Today’s cookies were inspired by Cakespy, who posted the recipe in a timeline called “Look to the Cookie”. The recipe, as Jessie the Cakespy notes, is from Maida Heatter who said “she didn’t know of a bigger cookie”. I’ll bet she does now – especially if she’s stopped by Levain or met up with a Carol’s cookie. But Maida’s Big Surs, at 6 inches across, were big for their time.
I made a batch today and while they were large, they were on the flat side. Also, Maida says hers are crispy, but mine were soft and chewy. I tried cooking them a little bit longer and again they were chewy, but with slightly crisper edges.
So at this point, I’m really interested in hearing your experience with Maida’s Big Sur cookies. Katrina, who made them right after Jessie posted the recipe, thought they were a little soft as well.
(See note below picture — Update)
UPDATE: Maida mentioned that these cookies were supposed to be crisp. Mine were chewy, but with a few changes in technique, I was able to get a cookie that was crisp around the edges — or at least about an inch of the diameter. The cookies are still chewy in the center. I went ahead and paraphrased a half batch version with emphasis on the things that seemed to help make the cookies crisper.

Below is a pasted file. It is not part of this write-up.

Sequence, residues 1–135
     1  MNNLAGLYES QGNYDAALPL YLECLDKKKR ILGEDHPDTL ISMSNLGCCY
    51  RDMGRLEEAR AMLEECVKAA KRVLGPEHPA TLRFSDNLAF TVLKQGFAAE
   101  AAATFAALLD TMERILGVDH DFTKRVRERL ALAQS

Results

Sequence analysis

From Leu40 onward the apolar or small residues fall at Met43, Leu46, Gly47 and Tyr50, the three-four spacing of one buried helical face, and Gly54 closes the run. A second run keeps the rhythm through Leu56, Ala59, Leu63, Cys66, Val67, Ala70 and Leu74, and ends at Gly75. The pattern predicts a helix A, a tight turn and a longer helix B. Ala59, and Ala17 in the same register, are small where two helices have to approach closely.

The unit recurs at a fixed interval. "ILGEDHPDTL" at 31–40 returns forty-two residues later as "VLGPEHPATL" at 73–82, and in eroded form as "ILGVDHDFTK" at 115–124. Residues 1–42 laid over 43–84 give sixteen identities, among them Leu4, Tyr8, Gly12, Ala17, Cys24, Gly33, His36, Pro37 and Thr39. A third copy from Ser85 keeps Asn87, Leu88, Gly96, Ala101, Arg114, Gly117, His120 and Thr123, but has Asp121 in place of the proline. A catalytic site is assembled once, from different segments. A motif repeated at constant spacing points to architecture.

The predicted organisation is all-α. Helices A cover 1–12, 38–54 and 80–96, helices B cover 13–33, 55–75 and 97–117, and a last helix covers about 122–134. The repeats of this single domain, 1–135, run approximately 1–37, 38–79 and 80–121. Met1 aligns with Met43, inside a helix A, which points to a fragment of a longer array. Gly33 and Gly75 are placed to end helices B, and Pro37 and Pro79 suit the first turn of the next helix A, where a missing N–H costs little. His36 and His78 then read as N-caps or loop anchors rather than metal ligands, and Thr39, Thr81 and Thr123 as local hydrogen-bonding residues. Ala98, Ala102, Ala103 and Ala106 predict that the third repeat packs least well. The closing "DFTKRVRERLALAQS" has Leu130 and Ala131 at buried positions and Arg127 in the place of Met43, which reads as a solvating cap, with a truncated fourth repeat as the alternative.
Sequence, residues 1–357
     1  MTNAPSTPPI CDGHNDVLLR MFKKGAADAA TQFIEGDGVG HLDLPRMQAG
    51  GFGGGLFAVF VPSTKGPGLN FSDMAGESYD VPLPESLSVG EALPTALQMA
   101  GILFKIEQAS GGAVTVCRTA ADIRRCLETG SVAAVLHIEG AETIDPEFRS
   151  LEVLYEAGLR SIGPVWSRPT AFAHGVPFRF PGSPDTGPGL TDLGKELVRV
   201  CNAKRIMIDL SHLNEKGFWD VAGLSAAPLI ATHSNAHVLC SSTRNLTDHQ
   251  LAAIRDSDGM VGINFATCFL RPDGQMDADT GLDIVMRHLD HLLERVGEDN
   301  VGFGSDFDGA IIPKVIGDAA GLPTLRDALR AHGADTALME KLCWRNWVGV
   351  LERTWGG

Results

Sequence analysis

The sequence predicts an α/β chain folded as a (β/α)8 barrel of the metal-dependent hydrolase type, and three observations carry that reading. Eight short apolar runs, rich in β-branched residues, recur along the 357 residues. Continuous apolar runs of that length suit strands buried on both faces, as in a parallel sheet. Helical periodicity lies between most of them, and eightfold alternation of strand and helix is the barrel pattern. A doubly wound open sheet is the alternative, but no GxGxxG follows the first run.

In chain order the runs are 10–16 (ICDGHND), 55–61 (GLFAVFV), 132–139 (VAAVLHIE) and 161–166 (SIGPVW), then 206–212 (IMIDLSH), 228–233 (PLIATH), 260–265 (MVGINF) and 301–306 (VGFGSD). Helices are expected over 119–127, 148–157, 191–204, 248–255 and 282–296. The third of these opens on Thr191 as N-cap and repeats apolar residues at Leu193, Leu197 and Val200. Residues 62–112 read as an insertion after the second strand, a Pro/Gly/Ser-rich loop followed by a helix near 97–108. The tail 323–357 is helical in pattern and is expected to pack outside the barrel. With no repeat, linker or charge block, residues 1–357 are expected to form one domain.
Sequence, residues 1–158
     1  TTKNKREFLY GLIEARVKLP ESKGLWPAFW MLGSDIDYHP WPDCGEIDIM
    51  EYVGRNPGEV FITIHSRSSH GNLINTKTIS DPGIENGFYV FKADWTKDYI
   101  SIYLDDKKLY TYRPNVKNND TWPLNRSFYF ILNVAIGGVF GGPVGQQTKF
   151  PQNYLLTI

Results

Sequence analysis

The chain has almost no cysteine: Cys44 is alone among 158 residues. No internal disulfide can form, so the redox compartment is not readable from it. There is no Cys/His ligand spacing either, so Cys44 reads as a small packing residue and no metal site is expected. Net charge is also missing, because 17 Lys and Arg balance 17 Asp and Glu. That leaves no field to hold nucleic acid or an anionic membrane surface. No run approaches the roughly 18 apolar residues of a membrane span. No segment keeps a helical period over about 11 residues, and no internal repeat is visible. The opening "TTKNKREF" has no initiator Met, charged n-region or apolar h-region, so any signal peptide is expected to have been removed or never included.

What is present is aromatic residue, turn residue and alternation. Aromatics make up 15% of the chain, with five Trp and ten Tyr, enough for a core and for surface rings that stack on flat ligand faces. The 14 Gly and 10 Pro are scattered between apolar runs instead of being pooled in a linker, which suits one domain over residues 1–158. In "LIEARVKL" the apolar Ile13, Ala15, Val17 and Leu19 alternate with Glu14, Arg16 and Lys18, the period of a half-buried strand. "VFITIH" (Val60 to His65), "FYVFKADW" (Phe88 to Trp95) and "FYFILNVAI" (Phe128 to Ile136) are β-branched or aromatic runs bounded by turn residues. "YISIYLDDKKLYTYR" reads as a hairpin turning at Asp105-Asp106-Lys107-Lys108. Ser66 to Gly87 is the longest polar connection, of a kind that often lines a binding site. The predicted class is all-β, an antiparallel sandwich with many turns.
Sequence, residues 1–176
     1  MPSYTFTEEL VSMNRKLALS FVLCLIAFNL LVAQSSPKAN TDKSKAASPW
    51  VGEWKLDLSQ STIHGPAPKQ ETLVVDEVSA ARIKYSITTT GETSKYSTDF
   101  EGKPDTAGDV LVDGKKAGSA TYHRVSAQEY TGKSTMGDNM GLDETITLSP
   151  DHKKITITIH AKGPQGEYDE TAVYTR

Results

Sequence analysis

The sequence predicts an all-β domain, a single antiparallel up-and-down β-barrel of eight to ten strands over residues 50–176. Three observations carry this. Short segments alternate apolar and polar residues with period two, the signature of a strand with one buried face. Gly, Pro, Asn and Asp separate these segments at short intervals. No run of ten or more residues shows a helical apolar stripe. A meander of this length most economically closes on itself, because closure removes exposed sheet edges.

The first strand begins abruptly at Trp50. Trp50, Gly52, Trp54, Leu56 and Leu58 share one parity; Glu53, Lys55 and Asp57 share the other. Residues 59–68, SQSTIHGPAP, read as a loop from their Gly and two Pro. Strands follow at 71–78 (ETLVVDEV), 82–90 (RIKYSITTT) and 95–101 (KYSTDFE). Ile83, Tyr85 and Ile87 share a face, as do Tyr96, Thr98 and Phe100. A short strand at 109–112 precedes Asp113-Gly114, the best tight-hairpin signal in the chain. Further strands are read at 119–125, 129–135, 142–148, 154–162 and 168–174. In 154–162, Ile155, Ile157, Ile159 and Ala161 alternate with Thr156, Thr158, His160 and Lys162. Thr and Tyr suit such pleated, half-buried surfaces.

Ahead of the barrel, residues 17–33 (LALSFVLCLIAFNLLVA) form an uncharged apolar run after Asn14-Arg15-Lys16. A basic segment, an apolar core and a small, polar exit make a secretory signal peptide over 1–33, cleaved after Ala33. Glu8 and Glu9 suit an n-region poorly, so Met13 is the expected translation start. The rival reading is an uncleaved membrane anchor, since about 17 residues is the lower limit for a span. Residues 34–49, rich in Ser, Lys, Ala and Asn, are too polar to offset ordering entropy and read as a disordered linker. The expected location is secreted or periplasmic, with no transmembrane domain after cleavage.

1. REALLY pack the brown sugar — higher proportion of sugar makes cookies crisper
2. Make sure you sift the flour and measure very carefully since 3/4 cups sifted flour weighs less than 3/4 cup unsifted. If you don’t sift the flour, you’ll be using more of it and the cookies won’t have as high percentage of sugar.
3. Bake the cookies on a non-insulated cookie sheet.
4. Cook for as long as possible. These cookies get pretty brown, so it’s tempting to take them out early. 16-18 minutes would have burned my cookies, but at 15 minutes they were nice and brown but not burnt.
If you can’t bake the cookies for 15 minutes without the edges burning, it may be a good idea to bake at a slower, lower heat.
5. Remove the cookies from the cookie sheet immediately and let cool and crisp on a rack.